This week, the Russian space agency Roscosmos experienced a setback in its lunar exploration plans. The Luna-25 lander lost control and collided with the lunar surface, ending its mission. Despite this failure, Roscosmos’ chief, Yuri Borisov, expressed Russia’s commitment to lunar exploration, emphasizing its importance for defensive capabilities and technological sovereignty.
Roscosmos had hoped to beat India’s Chandrayaan-3 spacecraft to achieve a soft landing near the lunar south pole. However, the Indian mission remains on schedule for a soft landing. Borisov also mentioned a potential future crewed Russian-Chinese mission, indicating a “new race” to exploit the Moon’s resources. However, this statement may be more about geopolitical posturing than scientific exploration.
The lunar south pole region is of interest due to its potential water reservoirs, which could be used for future missions to Mars and beyond. Roscosmos and the China National Space Administration have signed a memorandum of understanding to establish an International Lunar Research Station by the mid-2030s, potentially involving the European Space Agency and other international partners.
While human involvement in Sino-Russian space missions is not expected in the near future, Borisov’s mention of a joint crewed mission was surprising. However, it is unlikely that China will rush its planned milestones or engage in a space race. China has developed its own capabilities and no longer requires international assistance. Russia, on the other hand, is now the junior partner in the Sino-Russian relationship.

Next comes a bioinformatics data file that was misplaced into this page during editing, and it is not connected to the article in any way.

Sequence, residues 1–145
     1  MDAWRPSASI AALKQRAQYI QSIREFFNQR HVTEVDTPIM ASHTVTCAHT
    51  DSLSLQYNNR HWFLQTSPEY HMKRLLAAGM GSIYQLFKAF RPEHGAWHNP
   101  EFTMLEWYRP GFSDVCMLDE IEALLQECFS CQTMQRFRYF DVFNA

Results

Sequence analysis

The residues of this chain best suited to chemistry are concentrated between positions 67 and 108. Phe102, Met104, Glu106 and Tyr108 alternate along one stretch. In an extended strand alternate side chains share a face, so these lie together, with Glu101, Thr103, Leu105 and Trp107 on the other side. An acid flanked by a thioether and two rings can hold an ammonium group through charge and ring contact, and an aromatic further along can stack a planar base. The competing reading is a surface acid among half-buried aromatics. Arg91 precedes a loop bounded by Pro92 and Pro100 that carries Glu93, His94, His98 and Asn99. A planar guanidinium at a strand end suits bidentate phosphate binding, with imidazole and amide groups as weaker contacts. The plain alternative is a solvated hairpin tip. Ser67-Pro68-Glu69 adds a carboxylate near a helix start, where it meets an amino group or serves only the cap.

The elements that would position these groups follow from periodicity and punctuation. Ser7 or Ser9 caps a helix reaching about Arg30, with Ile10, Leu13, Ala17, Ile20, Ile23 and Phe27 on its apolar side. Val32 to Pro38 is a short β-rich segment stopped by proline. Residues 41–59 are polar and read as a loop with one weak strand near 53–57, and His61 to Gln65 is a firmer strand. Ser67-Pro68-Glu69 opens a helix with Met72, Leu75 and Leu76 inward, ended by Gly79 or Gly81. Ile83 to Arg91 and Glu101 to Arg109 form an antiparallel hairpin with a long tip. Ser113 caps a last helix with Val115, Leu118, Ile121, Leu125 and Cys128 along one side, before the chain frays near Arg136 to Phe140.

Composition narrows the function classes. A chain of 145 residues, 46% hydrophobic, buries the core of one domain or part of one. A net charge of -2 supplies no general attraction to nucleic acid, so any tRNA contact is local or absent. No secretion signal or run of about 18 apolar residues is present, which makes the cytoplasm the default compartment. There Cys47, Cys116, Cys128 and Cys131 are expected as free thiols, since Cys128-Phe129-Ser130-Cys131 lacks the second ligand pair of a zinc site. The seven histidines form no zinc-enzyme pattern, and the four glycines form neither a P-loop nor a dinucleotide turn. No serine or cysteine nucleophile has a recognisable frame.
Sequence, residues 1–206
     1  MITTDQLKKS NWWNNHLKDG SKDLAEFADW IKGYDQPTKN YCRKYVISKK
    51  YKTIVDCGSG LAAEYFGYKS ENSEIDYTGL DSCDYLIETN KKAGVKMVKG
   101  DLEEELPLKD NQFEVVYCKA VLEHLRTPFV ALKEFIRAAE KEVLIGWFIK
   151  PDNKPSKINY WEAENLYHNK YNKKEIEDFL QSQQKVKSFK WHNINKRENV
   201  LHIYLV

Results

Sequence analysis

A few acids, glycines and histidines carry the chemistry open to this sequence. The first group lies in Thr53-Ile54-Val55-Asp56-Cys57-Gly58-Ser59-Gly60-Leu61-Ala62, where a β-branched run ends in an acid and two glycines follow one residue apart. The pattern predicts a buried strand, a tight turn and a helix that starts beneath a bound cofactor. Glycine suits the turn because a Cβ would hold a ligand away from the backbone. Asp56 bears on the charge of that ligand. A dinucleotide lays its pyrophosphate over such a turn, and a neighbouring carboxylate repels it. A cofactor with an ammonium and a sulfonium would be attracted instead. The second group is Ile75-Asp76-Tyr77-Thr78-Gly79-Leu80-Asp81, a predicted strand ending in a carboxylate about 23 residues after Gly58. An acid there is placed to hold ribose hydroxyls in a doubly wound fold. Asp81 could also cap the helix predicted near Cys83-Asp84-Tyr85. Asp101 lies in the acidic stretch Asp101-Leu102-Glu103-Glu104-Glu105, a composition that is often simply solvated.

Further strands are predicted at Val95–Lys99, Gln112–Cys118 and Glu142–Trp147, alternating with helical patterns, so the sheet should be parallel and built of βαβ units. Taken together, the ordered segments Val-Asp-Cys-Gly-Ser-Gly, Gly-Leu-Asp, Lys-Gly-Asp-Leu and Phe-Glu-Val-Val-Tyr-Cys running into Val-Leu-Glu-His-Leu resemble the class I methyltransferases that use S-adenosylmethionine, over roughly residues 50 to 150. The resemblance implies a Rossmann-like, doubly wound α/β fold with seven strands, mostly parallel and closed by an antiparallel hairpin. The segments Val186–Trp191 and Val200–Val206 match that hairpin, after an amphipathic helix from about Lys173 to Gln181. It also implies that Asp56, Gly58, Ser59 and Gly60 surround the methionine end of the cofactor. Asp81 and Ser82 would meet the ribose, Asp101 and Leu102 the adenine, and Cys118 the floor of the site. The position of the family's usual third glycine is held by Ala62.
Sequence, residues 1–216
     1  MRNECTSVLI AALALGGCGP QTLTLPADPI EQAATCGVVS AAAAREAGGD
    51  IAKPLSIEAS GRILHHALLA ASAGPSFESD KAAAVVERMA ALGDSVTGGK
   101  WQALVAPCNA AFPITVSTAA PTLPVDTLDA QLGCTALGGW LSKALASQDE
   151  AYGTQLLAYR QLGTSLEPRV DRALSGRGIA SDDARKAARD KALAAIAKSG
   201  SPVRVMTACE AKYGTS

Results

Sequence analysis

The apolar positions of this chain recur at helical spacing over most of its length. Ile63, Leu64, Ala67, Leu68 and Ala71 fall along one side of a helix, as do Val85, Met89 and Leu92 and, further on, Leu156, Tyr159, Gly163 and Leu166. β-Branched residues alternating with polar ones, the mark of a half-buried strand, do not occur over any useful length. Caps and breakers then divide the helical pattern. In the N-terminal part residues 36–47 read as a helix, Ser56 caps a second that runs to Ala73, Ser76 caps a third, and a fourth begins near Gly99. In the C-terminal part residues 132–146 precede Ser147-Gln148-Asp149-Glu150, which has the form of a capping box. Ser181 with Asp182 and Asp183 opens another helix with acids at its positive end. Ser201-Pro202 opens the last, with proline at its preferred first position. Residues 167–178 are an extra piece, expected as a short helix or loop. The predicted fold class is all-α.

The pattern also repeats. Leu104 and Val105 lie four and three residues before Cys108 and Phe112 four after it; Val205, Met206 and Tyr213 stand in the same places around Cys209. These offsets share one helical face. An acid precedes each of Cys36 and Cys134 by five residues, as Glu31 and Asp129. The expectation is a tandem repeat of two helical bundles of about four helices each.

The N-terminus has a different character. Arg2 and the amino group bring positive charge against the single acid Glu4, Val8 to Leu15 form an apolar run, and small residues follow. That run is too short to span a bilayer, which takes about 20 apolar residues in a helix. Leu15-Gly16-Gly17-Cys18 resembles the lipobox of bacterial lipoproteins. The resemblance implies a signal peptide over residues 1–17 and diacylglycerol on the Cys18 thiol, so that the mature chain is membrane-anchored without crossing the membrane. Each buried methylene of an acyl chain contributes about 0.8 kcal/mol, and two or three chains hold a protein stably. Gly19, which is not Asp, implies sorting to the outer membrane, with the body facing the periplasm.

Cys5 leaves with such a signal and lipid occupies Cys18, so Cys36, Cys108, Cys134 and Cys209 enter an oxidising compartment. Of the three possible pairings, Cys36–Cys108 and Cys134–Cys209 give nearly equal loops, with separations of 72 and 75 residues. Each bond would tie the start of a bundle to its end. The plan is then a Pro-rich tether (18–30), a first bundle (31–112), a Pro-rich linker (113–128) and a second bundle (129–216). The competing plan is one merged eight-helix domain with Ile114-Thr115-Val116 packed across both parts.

China has made significant progress in space exploration, from lunar missions to Mars missions and human spaceflight programs. The recent Tianwen 1 mission successfully deployed a rover on Mars, and China’s human spaceflight program is focused on constructing a sovereign space station and developing a next-generation crewed spacecraft.
Although China may benefit from external cash injections, Russia’s financial losses due to the ongoing war in Ukraine may hinder any potential collaboration. Russia’s space prowess has diminished compared to its Soviet predecessor.
Overall, China’s space program is advancing rapidly, while Russia faces challenges in maintaining its position in the space exploration arena.